Nantucket Coastal Conservancy is a nonprofit organization founded in 2012 and composed of year-round islanders and seasonal residents, as well as visitors, whose common interest is to preserve and protect Nantucket’s natural beaches.

Our team — and our growing number of supporters — represent the broad island community: young and old, year-round and seasonal residents, environmental professionals, swimmers, surfers, fishermen, walkers, politicians, writers, photographers, concerned citizens. We are working together to ensure that our community has the knowledge and the ability to protect the beaches we love.

Our advocacy, educational and research activities are guided by an engaged and committed group of volunteers who comprise the NCC Coordinating Team. The team is composed of year-round islanders and summer residents whose common interest is to see the natural beauty of Nantucket preserved and its fragile ecosystems protected.


OUR MISSION

to protect and preserve Nantucket’s coastal resources through education, research and advocacy, ensuring that future generations have the opportunity to use and enjoy them.

 Our team is, back row, left to right; Peter Brace, Burton Balkind, Susan McFarland, Maureen Philips and Erin Lee Holmes. Front row, left to right; Rick Atherton, Susan Landmann, Barbara Bund, Liz Trillos and D. Anne Atherton. Not shown; Joyce Beruet and Ellen Anderwold.

Our team is, back row, left to right; Peter Brace, Burton Balkind, Susan McFarland, Maureen Philips and Erin Lee Holmes. Front row, left to right; Rick Atherton, Susan Landmann, Barbara Bund, Liz Trillos and D. Anne Atherton. Not shown; Joyce Beruet and Ellen Anderwold.


our team

Peter Brace
Peter’s life revolves around the world outdoors on Nantucket. All year long, he spends his time hiking, kayaking, berry picking, learning about wildflowers, watching birds, checking out dragonflies and exploring the island’s shoreline with his dog. Being a member of the Nantucket Coastal Conservancy lets his conscience breath easy by fulfilling his need to help protect the precious natural resources of beach, dune and wetlands for all of Nantucket.

Barbara Bund
Barbara first came to Nantucket in the 1970s. Like so many others, she came to love the island. She has lived here part-time all year since 1992. Barbara joined NCC because she wants to help preserve what is so special about Nantucket. In addition, she is deeply concerned about reactions to erosion and climate change in general, and she wants to make whatever small contribution she can to increasing understanding and encouraging sensible responses to what is happening to the earth.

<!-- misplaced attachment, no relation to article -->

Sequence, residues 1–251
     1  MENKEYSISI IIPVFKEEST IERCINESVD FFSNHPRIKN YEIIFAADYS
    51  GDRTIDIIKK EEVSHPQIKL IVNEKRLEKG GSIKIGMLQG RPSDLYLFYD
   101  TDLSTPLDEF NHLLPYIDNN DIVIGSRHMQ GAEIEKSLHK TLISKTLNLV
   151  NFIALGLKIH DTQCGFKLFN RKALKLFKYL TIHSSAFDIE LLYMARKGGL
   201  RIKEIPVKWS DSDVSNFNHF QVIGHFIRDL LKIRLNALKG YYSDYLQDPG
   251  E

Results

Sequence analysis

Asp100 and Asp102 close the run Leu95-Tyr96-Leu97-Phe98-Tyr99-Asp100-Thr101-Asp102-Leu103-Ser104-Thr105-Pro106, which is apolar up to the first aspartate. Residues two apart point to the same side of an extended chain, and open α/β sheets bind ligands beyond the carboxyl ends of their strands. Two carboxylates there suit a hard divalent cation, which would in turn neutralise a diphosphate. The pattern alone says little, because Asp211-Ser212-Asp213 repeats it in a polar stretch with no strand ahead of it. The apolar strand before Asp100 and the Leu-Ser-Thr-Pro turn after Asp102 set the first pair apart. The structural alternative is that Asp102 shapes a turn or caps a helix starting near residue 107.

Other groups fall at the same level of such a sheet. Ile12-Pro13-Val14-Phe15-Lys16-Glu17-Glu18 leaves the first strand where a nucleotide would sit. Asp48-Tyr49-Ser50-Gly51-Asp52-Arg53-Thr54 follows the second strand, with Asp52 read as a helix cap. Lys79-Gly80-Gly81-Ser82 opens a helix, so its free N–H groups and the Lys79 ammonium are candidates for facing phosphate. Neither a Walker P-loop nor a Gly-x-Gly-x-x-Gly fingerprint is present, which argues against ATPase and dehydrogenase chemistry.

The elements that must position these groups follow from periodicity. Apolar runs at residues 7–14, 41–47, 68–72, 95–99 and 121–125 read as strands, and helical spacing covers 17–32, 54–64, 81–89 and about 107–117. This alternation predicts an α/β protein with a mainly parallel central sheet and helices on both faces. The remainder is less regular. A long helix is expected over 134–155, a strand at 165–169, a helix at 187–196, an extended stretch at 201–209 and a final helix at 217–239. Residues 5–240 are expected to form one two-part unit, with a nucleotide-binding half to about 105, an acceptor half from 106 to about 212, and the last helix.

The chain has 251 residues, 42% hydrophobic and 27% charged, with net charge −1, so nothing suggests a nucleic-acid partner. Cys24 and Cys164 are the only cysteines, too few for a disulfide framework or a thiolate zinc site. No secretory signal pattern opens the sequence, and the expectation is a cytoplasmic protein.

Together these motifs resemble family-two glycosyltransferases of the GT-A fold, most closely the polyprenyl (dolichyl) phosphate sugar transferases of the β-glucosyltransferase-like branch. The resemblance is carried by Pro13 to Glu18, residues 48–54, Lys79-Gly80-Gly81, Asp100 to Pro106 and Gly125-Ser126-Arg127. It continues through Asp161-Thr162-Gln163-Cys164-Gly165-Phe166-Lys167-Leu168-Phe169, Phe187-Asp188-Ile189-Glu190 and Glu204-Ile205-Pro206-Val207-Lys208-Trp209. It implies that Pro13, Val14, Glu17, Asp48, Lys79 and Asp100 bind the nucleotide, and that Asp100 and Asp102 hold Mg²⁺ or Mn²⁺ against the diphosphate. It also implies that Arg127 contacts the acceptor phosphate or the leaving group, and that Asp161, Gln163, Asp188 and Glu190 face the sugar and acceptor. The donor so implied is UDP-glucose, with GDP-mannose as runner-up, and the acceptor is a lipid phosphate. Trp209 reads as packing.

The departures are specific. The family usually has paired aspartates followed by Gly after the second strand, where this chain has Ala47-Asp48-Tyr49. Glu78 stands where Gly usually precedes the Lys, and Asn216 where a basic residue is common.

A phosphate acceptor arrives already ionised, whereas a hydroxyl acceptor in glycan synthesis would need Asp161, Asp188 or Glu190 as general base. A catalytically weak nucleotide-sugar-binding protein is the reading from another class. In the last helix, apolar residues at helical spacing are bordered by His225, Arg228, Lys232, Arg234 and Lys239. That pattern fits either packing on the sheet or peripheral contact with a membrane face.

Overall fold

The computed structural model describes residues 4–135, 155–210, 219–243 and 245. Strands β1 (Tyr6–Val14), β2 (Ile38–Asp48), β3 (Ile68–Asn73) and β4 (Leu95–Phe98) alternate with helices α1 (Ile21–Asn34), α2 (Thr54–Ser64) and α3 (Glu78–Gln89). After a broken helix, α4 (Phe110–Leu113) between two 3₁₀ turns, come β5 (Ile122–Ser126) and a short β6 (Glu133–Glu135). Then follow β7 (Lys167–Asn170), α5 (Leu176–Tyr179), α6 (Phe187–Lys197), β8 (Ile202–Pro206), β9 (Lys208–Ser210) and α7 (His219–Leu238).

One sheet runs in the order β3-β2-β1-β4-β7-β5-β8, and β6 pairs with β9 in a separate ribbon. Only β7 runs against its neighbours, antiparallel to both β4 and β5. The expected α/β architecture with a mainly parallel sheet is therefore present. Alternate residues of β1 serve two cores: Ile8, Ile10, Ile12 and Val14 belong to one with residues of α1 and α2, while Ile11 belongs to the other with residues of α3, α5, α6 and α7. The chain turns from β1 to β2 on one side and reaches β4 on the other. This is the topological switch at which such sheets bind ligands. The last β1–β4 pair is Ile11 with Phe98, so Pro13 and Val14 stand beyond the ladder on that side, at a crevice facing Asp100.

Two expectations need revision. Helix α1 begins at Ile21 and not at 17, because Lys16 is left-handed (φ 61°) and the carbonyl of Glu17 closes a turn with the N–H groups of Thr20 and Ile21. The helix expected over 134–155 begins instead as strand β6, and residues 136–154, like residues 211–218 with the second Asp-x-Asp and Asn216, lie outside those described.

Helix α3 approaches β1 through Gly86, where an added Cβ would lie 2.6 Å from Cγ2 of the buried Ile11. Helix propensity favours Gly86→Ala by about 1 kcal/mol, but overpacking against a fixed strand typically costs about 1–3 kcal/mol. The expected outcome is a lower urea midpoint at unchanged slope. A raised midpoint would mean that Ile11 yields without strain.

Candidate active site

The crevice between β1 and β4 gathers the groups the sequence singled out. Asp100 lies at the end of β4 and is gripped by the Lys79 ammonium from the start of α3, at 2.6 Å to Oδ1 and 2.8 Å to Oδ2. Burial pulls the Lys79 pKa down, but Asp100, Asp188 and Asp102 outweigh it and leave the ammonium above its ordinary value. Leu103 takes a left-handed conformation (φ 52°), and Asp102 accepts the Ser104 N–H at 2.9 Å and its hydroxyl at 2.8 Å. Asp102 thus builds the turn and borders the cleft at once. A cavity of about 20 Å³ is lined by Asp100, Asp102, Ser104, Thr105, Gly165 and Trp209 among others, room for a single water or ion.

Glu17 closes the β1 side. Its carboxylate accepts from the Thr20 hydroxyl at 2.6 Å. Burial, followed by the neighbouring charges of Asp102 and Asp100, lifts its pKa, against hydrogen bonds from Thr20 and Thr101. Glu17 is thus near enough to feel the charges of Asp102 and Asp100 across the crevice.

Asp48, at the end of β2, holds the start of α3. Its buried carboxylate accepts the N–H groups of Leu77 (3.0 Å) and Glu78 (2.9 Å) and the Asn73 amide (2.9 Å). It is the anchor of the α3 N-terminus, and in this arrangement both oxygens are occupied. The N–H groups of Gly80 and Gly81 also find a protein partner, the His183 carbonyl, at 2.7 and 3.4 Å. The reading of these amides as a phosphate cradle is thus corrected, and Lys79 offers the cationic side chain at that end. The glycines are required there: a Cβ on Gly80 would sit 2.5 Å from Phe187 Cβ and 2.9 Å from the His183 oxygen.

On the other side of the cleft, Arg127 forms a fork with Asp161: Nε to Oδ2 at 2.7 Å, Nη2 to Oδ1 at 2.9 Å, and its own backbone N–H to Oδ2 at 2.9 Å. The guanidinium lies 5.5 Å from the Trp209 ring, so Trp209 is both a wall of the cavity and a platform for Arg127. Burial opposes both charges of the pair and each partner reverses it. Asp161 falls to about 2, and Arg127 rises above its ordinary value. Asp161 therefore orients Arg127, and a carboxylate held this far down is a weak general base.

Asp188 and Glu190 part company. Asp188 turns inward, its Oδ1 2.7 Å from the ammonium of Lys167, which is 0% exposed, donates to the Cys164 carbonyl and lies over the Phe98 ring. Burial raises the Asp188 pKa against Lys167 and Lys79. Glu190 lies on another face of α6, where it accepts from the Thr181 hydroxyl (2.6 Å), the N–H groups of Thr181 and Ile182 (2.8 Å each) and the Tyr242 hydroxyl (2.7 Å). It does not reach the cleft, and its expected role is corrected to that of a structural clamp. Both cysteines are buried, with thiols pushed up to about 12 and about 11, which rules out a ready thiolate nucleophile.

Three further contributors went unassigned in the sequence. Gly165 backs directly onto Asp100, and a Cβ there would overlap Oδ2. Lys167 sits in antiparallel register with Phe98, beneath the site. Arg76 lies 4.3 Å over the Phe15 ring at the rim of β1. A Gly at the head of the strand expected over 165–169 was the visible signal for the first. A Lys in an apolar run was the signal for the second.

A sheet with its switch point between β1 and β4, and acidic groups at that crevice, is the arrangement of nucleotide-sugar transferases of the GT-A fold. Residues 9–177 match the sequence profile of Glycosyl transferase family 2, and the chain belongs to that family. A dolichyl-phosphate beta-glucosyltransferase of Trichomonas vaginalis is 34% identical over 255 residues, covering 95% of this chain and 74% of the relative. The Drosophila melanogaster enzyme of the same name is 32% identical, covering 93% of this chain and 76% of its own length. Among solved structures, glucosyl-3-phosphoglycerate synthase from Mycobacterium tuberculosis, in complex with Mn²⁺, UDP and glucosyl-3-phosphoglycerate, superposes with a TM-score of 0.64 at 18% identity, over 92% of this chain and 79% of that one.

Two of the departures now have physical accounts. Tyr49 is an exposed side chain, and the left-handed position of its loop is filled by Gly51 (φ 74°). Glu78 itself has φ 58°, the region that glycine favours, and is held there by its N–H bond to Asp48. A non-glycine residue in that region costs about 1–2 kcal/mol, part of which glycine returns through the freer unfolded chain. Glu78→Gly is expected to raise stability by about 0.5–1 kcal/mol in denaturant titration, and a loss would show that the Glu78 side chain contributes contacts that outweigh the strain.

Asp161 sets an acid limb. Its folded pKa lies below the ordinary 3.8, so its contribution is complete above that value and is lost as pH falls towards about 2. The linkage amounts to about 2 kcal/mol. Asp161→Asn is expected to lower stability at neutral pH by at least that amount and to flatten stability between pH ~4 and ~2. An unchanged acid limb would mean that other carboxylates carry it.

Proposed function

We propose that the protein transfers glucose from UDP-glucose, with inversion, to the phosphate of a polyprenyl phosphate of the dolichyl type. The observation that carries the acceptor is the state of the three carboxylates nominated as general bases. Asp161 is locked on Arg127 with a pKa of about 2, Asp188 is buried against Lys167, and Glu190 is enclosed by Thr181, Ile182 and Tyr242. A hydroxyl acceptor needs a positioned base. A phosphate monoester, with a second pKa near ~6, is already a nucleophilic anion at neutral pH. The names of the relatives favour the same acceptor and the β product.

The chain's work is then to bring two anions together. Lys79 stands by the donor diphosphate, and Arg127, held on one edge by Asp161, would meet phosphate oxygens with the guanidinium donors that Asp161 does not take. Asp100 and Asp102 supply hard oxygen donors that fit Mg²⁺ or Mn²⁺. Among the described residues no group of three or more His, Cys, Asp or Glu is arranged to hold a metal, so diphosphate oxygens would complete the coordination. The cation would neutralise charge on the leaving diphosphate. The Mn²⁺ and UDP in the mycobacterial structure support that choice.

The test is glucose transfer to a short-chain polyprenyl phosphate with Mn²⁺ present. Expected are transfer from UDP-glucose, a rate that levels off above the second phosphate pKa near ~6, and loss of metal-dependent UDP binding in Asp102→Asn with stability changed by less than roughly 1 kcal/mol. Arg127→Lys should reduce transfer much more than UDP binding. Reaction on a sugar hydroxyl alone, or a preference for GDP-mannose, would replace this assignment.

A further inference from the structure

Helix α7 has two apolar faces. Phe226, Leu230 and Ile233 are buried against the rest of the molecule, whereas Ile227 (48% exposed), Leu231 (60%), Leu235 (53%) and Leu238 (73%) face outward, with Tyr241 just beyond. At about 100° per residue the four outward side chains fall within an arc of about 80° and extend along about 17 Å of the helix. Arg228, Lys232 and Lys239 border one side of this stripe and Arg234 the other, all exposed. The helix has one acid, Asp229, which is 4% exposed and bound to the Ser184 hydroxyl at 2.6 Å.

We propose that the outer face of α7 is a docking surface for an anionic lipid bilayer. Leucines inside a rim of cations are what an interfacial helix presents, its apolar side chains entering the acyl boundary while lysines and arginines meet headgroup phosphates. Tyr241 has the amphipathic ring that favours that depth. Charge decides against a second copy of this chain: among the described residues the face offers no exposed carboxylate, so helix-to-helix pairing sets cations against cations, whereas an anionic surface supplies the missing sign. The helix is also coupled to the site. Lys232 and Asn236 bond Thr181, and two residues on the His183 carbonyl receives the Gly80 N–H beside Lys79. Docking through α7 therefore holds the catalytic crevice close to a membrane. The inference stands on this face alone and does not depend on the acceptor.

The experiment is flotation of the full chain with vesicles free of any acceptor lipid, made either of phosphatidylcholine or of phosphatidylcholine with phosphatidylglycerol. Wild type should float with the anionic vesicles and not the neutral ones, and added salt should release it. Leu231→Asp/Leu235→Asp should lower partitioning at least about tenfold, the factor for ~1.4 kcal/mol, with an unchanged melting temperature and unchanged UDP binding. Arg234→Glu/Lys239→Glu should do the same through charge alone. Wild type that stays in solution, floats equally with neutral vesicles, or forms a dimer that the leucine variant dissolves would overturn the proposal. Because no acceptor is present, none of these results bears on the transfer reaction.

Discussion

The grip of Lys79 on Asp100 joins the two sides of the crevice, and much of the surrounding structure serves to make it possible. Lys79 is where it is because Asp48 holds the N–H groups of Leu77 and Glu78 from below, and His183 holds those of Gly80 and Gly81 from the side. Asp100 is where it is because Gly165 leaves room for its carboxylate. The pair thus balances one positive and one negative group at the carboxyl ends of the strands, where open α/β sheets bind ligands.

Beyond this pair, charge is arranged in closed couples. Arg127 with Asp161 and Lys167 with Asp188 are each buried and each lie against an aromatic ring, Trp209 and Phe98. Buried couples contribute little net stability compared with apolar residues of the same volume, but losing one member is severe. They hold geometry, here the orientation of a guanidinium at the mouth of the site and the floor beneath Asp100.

Sunny Daily
Sunny has only lived more than a few miles away from a beach for a handful of years. Sunny and her husband moved to Nantucket with their young children in 2004. She is drawn to the island for its history, its natural and architectural beauty, and its culturally diverse and self-reliant residents. Nantucket’s beaches are important and unique assets that support the people who live here. Visitors flock to the island in the summer to enjoy the shopping, the events, the food, and the natural beauty our island offers. Protecting our beaches means protecting a large part of our island’s vitality. Sunny joined the NCC to learn more about erosion issues on the island and about how to protect Nantucket beaches so that future generations can enjoy a natural beach undisturbed by engineered materials.

Susan Landmann
Susan grew up hiking Nantucket beaches, swimming wherever and whenever she pleased. She is still out every day, all year round, watching, listening, photographing. A favorite trek has always been from Quidnet to the Bluff. In the spring, she watches the swallows nesting in the cliffs. She has gathered fossils in the sand that drifts from the bank, the oldest sand on island. She has watched the nesting plover and newly hatched terns. She has witnessed first hand the effects of climate change, the sand that ebbs and flows. When the beaches cease to exist there will be no plovers, terns or fossils, no treks along the shoreline, no swims in the sea. Then she too shall leave.

Susan McFarland
Susan recently joined the NCC because of her personal commitment to preserve the natural beauty of our island's beaches. As a biologist, she was naturally drawn to the unspoiled environment of Nantucket in 1977, and she knew that one day she would make this her permanent home.  Her daughter and grandchildren love the island as she does; their love of Nantucket makes the need to actively protect our precious commodity very important.